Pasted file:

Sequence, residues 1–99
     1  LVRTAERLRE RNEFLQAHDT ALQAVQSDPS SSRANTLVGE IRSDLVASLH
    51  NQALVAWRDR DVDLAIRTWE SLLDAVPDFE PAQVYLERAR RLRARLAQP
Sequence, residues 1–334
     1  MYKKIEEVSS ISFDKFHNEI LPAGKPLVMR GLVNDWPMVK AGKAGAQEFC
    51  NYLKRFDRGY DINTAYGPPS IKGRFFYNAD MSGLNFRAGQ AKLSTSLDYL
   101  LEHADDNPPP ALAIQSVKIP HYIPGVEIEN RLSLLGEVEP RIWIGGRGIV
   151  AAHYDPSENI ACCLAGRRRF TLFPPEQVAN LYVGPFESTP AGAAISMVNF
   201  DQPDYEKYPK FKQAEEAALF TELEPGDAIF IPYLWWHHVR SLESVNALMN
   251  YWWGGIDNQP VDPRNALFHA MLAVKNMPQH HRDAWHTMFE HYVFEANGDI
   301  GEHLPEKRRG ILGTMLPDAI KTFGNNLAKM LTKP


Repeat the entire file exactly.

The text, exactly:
Sequence, residues 1–99
     1  LVRTAERLRE RNEFLQAHDT ALQAVQSDPS SSRANTLVGE IRSDLVASLH
    51  NQALVAWRDR DVDLAIRTWE SLLDAVPDFE PAQVYLERAR RLRARLAQP
Sequence, residues 1–334
     1  MYKKIEEVSS ISFDKFHNEI LPAGKPLVMR GLVNDWPMVK AGKAGAQEFC
    51  NYLKRFDRGY DINTAYGPPS IKGRFFYNAD MSGLNFRAGQ AKLSTSLDYL
   101  LEHADDNPPP ALAIQSVKIP HYIPGVEIEN RLSLLGEVEP RIWIGGRGIV
   151  AAHYDPSENI ACCLAGRRRF TLFPPEQVAN LYVGPFESTP AGAAISMVNF
   201  DQPDYEKYPK FKQAEEAALF TELEPGDAIF IPYLWWHHVR SLESVNALMN
   251  YWWGGIDNQP VDPRNALFHA MLAVKNMPQH HRDAWHTMFE HYVFEANGDI
   301  GEHLPEKRRG ILGTMLPDAI KTFGNNLAKM LTKP